Pathological diagnosis of chronic hepatitis C: A multicenter comparative study with chronic hepatitis B

Jay H. Lefkowitch, Eugene R. Schiff, Gary L. Davis, Robert P. Perrillo, Karen Lindsay, Henry C. Bodenheimer, Luis A. Balart, Terryl J. Ortego, John Payne, Jules L. Dienstag, Alexandra Gibas, Ira M. Jacobson, Carlo H. Tamburro, William Carey, Christopher O'Brien, Richard Sampliner, David H. Van Thiel, David Feit, Janice Albrecht, Carlton MeschievitzBharati Sanghvi, Roger D. Vaughan

Research output: Contribution to journalArticlepeer-review

355 Scopus citations


Background: Hepatic histological responses described in hepatitis C virus (HCV) infection include bite duct damage, lymphoid follicles and/or aggregates in portal tracts, large- and small-droplet fat, Mallory body-like material in hepatocytes, liver cell dysplasia and multinucleation, and activation of sinusoidal inflammatory cells. The specificity of these lesions for HCV infection is uncertain. Methods: In two multicenter trials of recombinant Interferon alfa therapy for chronic hepatitis C and B, the frequency of these eight lesions in pretherapy and posttherapy liver biopsy specimens was examined to determine the set of features, if any, that distinguishes HCV from hepatitis B virus (HBV) infection. The lesions were scored in 317 HCV biopsy specimens and 299 HBV specimens. Results: Stepwise logistic regression determined a set of three features more likely to be seen In HCV than in HBV infection: bile duct damage [odds ratio (OR), 4.7; 95% confidence interval (Cl), 1.8-12.3], lymphoid follicles and/or aggregates (OR, 2.4; 95% Cl, 1.2-4.7), and large-droplet fat (OR, 2.4; 95% Cl, 1.4-4.1). A fourth lesion, Mallory body-like material, was seen only in HCV biopsy specimens (OR, 71.6; 95% Cl, 4.4-996.1). Conclusions: These four histological lesions are useful pathological parameters in the diagnosis of liver disease caused by HCV.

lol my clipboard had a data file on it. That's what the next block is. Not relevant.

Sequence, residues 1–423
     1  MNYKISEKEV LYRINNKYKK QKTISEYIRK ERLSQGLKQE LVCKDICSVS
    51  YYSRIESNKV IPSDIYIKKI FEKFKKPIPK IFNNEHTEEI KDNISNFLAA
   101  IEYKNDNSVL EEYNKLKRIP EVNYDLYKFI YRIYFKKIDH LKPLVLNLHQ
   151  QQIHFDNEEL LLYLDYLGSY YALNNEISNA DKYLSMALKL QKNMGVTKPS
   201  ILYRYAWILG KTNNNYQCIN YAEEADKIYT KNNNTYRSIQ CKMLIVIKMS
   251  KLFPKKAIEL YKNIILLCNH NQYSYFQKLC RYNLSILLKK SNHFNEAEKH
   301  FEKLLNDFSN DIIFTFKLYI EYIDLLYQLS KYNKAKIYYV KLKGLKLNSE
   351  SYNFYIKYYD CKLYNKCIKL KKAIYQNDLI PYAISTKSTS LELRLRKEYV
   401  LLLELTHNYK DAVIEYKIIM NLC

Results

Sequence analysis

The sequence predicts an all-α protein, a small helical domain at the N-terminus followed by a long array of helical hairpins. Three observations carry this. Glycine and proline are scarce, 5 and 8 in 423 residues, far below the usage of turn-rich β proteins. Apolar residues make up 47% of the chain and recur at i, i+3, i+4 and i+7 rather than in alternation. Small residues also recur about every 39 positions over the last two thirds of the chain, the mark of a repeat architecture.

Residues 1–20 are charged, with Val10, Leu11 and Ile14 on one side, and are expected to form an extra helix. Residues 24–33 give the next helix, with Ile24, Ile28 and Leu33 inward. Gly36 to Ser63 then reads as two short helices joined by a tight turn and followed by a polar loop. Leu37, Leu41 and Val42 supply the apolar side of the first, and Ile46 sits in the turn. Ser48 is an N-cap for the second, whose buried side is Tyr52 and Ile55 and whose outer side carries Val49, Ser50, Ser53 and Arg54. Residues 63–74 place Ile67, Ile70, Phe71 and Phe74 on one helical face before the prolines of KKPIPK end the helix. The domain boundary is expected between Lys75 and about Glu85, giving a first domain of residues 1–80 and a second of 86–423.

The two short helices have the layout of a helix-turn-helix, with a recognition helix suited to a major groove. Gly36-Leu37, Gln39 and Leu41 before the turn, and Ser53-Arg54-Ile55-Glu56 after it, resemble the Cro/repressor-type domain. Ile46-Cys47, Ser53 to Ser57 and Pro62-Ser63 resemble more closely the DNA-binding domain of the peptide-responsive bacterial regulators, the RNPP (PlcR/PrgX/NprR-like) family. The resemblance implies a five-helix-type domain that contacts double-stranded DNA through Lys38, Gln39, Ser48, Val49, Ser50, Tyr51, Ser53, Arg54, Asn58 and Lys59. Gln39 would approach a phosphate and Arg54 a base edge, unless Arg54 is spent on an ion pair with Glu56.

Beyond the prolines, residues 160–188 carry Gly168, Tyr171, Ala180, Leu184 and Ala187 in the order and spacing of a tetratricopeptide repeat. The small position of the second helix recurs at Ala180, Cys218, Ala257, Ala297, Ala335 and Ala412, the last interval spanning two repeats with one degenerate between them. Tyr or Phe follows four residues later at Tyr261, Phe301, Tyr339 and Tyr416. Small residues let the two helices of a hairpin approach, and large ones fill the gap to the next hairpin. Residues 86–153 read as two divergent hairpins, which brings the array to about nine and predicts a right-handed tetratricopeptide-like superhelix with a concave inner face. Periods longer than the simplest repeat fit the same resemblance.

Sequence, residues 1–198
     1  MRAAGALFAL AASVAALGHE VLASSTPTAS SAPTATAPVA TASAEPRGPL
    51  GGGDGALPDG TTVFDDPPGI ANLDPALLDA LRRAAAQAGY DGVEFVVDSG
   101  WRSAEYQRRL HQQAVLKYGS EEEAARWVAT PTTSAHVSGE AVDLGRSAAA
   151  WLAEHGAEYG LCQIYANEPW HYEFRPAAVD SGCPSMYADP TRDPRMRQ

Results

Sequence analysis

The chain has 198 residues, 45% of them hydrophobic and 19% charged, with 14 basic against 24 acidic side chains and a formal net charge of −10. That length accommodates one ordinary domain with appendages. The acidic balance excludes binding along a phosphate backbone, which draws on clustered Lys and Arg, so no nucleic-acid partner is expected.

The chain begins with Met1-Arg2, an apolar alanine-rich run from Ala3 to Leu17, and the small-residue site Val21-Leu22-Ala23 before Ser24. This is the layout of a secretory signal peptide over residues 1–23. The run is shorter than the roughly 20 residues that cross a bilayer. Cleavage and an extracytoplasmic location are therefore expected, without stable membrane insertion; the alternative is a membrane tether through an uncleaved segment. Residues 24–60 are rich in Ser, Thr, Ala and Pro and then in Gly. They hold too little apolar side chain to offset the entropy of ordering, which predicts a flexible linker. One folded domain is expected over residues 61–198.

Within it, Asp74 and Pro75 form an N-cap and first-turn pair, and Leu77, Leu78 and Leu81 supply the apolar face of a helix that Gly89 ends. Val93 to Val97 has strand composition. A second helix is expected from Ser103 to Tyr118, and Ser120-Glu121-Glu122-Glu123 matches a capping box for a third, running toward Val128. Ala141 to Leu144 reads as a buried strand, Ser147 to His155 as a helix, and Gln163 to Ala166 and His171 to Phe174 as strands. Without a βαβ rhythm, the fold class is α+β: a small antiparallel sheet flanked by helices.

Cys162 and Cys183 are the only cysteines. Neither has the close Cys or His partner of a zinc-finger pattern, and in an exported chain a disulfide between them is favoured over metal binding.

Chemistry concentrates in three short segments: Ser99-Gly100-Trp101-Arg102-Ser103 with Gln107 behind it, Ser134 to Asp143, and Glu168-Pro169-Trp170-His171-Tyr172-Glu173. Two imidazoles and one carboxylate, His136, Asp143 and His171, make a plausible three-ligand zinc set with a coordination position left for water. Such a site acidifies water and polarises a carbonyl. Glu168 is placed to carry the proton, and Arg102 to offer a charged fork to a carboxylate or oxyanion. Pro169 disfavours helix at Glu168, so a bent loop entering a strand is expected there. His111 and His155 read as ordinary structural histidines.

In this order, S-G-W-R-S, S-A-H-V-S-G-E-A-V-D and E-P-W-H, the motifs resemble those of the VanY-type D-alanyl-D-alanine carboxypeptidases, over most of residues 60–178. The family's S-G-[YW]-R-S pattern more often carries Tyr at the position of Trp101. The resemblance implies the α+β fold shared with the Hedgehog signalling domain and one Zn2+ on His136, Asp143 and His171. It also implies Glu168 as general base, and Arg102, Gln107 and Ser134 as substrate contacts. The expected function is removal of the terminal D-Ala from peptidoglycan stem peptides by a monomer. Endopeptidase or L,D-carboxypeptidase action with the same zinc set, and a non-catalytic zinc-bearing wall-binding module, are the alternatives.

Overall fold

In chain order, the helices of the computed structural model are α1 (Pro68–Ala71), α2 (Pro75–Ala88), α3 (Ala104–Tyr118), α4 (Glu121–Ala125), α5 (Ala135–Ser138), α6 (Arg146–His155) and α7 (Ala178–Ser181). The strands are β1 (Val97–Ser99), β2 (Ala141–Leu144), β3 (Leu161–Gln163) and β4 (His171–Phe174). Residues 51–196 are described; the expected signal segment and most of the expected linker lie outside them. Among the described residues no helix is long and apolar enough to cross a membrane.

Original languageEnglish (US)
Pages (from-to)595-603
Number of pages9
Issue number2
StatePublished - Feb 1993

ASJC Scopus subject areas

  • Hepatology
  • Gastroenterology


Dive into the research topics of 'Pathological diagnosis of chronic hepatitis C: A multicenter comparative study with chronic hepatitis B'. Together they form a unique fingerprint.

Cite this